Questions remain about his ability to be a quarterback at the next level. Urban Meyer's Florida offense has put Tebow in ideal conditions to succeed, so it remains to be seen how he will respond in passing situations against NFL defenses. Tebow has no fear sitting in the pocket, but he needs to do a better job of feeling pressure. His delivery on passes also starts way too low and has to change before he can become an NFL quarterback. Defensive linemen will have a field day of knocking the ball out of his hand if he continues with this same throwing motion.
Good height and great musculature
Solid arm strength
Very good deep ball accuracy
Great pass rush sense and pocket instincts
Athletic and can move chains with legs
Extremely powerful runner
Good trucking ability; picks up yards after contact
Good character and strong work ethic
Absolutely horrendous footwork; has not gotten better since freshman year
Plays in run-option offense
Doesn't throw smooth ball; bad touch
Inaccurate on intermediate routes
Extremely long release
Very bad passing mechanics
Locks onto primary receiver
No pro reads in offense
Tucks and runs
Doesn't make pro-style passing progression reads
Comes from program with bad QB pedigree
The thing that stands out the most to me about Tim Tebow is his leadership. He is a tremendous personality and is a great person off the field. However, he cannot at this time seem to take a snap under center and many question his ability to translate to the next level. Once again, in Seattle, he will not be asked to start. I wouldn't make him a first round pick, but if Tebow is sitting there in the second round, he would have great value and warrant consideration. I like Tebow, he is a winner, and with a little time to learn and develop, he could do great things.
Colt McCoy is the next overhyped collegiate quarterback who really doesn't have much of a chance in the NFL. His talent is pretty mediocre when you consider the things he will have to do in the NFL in terms of the transition to a more West Coast or pro-style spread scheme. He won't stretch a defense in the NFL and the system makes him look far better than he is at Texas.
McCoy is a great college quarterback, but simply isn't an NFL mold.
Short and deep range accuracy
Gets rid of football quickly
Makes quick decisions
Good pocket awareness
Crafty with football in hands
Leader with good character
Offensive system exaggerate strengths, masks weaknesses
Mobility doesn't translate to NFL with zone reads and scripted runs
Aims ball and it doesn't look natural; passive thrower
Absolutely no stick throws (18-yard deep out, curl, dig, etc.)
Footwork needs a ton of work
Doesn't take many hits
Never operated under center
Stares down receivers
Floats deep ball
Hasselbeck will be the starting QB for the Seahawks in 2010 so you don't really need a guy to come in and play right away. McCoy is going to be a project QB. If it's the 5th round and McCoy is on the table, it won't be as much of a reach say as drafting him in the second round. This will also take the pressure off McCoy and give him the necessary time to develop.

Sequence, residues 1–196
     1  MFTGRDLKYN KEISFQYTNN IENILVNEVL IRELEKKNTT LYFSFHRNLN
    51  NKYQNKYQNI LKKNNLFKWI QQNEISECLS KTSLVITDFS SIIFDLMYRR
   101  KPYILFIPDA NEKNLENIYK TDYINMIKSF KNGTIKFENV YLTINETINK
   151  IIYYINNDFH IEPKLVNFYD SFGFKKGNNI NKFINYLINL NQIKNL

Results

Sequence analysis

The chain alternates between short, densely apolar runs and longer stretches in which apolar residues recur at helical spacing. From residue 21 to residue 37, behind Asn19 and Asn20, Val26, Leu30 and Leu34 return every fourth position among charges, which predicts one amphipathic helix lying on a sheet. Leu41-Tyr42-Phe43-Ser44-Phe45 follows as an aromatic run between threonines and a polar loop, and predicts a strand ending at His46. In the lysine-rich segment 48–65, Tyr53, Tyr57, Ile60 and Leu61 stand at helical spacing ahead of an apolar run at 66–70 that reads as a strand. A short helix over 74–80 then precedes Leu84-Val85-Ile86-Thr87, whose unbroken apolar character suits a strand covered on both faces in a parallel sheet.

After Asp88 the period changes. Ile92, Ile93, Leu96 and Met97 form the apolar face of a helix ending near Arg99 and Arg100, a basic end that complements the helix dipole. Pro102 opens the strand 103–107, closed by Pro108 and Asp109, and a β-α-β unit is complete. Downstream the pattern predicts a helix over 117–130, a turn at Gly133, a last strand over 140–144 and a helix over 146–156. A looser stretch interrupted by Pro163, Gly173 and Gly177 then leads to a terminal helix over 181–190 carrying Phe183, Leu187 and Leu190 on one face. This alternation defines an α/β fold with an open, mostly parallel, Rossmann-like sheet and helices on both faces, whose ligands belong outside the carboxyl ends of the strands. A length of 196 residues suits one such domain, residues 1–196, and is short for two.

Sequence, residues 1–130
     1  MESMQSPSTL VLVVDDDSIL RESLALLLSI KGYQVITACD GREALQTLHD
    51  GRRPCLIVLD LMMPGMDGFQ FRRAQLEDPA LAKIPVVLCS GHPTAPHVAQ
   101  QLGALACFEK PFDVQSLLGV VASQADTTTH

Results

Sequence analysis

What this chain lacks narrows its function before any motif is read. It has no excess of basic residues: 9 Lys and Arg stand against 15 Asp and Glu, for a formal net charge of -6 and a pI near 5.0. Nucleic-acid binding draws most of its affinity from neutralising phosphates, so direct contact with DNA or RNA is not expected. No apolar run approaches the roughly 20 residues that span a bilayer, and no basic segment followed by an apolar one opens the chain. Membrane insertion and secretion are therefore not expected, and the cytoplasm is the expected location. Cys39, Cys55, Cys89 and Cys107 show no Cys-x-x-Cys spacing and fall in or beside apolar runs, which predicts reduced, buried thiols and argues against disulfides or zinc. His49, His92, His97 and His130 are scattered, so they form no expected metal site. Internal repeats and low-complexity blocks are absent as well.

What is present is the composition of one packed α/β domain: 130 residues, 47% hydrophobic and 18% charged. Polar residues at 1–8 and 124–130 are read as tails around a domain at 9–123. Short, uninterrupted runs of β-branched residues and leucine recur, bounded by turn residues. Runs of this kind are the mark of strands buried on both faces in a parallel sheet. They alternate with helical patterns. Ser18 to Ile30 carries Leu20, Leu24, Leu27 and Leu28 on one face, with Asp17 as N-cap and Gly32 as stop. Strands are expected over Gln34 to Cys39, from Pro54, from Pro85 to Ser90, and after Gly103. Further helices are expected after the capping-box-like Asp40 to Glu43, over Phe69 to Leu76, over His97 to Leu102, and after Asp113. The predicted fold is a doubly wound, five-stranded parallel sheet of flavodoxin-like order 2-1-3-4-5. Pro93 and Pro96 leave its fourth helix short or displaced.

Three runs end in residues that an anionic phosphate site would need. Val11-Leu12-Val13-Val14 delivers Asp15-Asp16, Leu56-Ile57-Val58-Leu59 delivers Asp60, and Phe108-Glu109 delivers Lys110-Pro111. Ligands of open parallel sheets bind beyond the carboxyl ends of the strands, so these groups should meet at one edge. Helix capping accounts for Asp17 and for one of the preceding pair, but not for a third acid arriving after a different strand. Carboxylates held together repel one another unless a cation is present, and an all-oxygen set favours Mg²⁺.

Hall is a great leader with the competitiveness and toughness of an elite quarterback. He makes things happen on the field, and is able to stay in the pocket and take the punishment. Able to make quick reads and with a relatively short release time, Hall is a rhythm passer. When he is on, he is difficult to stop. Hall has decent quickness and good windup motion, and also shows good timing and touch on short-to-mid range passes. He is very accurate below the 15 yard range. NFL teams will love that he has experience against top tier teams and he is mature (will be 24 years old by training camp 2010).
However, Hall lacks ideal height and bulk. He also has just average arm strength, which makes for not enough zip on deep outs. Balls tend to sail when he attempts to drop passes over coverage. He also lacks speed and agility to create outside the pocket; he will need time to adjust to the speed of the pro game.
Hall lacks great size, arm strength and mobility, but his accuracy and intangibles should earn him a fourth round selection.
Max Hall would be a great late round edition for the Seahawks if they haven't selected a QB yet. He may lack size, but look at Drew Brees.
Snead has all the physical tools to make an impact at the next level. The Ole Miss signal-caller stands in at 6'3'' and 218 pounds and his strong arm will allow him to convert all the throws required of an NFL quarterback.
Snead is relatively mobile in the pocket, especially for a quarterback of his size. He will also come without any injury history or off-the-field baggage, so that can only help his standing with NFL teams.
Nice frame to see over line - adequate bulk
Very athletic and can pick up first downs with legs
Big time arm
Can thread the needle
Nice touch and accuracy on deep ball
Solid pocket awareness
Hesitates to make decisions